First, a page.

Notes for editors:

The Inquiry Panel:

  • Darren Pennay (Chair) – Founder and past CEO of the Social Research Centre, Campus Visitor at the ANU Centre for Social Research and Methods and Adjunct Professor at the Institute for Social Science Research, University of Queensland.
  • Professor Murray Goot – Emeritus Professor of Politics at Macquarie University, a leading expert in public opinion polling, voter behaviour and politics.
  • Dr Phil Hughes – Asia-Pacific Head of Statistical Consulting at Engine and one of Australia’s most experienced and respected applied statisticians.
  • Dr Dina Neiger – Chief Statistician, the Social Research Centre and Accredited Statistician, Statistical Society of Australia.
  • Dr Jill Sheppard – lecturer in the School of Politics and International Relations, ANU, with special research expertise in political behaviour (voting, participation, and attitudes).
  • Mr John Stirton – independent and widely respected polling expert, who ran the Fairfax Poll between 1997 and 2014.

The Advisory Board:

  • Dennis Trewin AO (Chair) – Dr Trewin was Australian Statistician (Head of the Australian Bureau of Statistics) and an Australian Electoral Commissioner from 2000 to 2007 and a former President of the International Statistical Institute
  • Dr John Henstridge – one of Australia’s most eminent Statisticians, previous president of the Statistical Society of Australia.
  • Ian McAllister – Distinguished Professor of Political Science, Australian National University (ANU).  Professor McAllister is recognised as an international expert on opinion polling.
  • Kerry O’Brien – Journalist and author. Foundation editor and host of the ABC’s national 7.30 Report, foundation host of Lateline, host of Four Corners and anchor of the ABC’s federal and state election night coverage for more than 20 years.
  • Travyn Rhall – After training as a statistician, Mr Rhall spent a decade in statistical consulting at the Australian Bureau of Statistics, before embarking on a career in applied (commercial) market research. He was a Director of Newspoll for several years. His last full-time executive role was Global Chief Executive of Kantar Insights, which operated in 70+ countries with revenues of over AUD$3.5 billion.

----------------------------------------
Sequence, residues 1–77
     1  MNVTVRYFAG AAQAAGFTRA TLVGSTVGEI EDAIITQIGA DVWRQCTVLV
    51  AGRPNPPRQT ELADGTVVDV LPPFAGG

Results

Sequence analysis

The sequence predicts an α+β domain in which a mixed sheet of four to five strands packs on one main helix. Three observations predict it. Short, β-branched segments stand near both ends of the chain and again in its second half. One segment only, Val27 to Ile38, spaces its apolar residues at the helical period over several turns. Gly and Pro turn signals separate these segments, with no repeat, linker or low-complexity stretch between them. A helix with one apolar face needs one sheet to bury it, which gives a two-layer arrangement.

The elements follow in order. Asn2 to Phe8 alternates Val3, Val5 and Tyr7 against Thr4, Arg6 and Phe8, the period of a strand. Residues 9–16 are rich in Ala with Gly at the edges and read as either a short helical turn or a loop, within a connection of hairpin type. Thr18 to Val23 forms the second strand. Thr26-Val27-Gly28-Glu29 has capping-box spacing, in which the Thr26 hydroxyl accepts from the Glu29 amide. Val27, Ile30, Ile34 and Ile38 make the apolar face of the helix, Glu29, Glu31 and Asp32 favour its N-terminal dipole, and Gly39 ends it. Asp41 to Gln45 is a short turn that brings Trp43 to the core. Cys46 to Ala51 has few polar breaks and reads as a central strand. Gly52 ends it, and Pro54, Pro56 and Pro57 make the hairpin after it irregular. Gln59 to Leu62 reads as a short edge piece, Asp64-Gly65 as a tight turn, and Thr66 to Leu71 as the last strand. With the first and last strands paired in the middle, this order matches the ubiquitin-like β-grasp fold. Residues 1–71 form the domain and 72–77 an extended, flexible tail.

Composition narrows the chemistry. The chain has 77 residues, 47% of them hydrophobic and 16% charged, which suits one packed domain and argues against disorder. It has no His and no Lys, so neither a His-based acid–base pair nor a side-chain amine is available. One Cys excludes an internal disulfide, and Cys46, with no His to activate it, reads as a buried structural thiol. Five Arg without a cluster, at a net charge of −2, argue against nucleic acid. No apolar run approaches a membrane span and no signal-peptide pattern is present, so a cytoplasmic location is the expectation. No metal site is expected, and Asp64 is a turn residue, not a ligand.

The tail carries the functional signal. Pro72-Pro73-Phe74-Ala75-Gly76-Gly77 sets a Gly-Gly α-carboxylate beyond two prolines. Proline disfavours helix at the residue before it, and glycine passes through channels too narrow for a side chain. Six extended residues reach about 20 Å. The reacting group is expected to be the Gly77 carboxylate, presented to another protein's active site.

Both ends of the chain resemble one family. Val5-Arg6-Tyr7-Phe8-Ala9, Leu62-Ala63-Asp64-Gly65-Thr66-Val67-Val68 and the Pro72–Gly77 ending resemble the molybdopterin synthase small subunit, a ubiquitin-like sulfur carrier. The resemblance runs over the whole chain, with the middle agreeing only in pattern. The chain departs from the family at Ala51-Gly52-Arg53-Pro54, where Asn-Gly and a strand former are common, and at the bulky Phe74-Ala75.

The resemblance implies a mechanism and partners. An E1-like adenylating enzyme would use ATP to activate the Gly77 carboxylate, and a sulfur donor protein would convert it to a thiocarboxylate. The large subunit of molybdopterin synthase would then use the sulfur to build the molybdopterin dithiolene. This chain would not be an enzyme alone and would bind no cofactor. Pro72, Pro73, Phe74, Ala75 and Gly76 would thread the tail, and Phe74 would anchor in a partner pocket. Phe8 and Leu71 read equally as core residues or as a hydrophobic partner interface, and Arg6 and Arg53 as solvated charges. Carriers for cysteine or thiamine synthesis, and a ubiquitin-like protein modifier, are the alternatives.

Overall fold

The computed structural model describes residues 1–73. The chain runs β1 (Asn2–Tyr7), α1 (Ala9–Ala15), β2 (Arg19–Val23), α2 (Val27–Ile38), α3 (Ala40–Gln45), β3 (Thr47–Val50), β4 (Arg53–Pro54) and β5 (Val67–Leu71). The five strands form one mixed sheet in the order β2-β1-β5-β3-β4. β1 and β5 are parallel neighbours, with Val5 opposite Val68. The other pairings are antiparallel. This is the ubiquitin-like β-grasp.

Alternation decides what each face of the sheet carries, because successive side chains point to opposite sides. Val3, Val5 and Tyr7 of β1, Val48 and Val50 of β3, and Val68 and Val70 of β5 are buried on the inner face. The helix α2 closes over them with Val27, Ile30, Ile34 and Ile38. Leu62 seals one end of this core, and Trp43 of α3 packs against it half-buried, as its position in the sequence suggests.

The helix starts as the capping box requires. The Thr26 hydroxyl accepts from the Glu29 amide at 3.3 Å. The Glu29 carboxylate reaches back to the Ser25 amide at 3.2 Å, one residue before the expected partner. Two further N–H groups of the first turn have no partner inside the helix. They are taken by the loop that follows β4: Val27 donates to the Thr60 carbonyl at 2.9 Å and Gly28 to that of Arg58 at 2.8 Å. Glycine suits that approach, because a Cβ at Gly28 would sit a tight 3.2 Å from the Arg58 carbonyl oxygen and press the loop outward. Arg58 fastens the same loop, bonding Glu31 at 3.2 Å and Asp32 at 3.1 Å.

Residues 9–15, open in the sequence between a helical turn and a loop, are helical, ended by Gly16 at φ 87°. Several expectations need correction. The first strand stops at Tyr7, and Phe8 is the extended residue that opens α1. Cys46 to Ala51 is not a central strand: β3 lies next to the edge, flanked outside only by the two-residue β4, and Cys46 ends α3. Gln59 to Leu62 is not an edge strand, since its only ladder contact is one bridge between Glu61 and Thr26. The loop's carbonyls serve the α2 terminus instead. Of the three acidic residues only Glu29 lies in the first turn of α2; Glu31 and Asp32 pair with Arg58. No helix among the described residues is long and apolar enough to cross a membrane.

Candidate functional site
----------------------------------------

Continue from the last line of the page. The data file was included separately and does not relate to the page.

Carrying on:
International Advisers:

  • Dr Paul Lavrakas – internationally renowned expert in survey methodology and survey error, specifically in relation to public opinion research and election polling. Past President of the American Association for Public Opinion Research (AAPOR).
  • Dr Patrick Moynihan – Associate Director of international research methods at Pew Research Center and previously senior polling analyst for ABC News.
  •  – Professor and Vice Chair of the Department of Sociology at the University of Nebraska-Lincoln. She is a Fellow at the American Association for Public Opinion Research (AAPOR) and worked on the 2016 US Polling Inquiry.
  • TheLondon School of Economics, who headed a polling inquiry after the 2015 UK General Election.


For more information please contact:

Sarah Campbell                                                                                
Executive Director, AMSRO                                                           
0417 665 144                                                             

Rochelle Burbury
Third Avenue Consulting
0408 774 577   


The Association of Market & Social Research Organisations (AMSRO) is the peak body for the market and social research, data and insights industry. AMSRO works in partnership with its company members, plus privacy authorities, business, government, and the community to protect and promote the industry and uphold the highest ethical and privacy market and social research standards. Since its establishment in 1989, AMSRO has grown to more than 90 members, who employ over 5,000 people, representing 70% of the industry’s annual (data collection) turnover.  In 2003, AMSRO pioneered its own privacy code for members which won an Australian Privacy Award in 2009.

About the Statistical Society of Australia The Society was founded in 1962 as a national umbrella’ organisation to support and further the work of state statistical societies already in existence, to establish a national journal and newsletter and to host national conferences. The national Society now represents Australian and overseas statisticians with state branches in six states and territories providing the focus and organisation of local activities. The overall objective of the Society is to further the study, application and good practice of statistical theory and methods in all branches of learning and enterprise.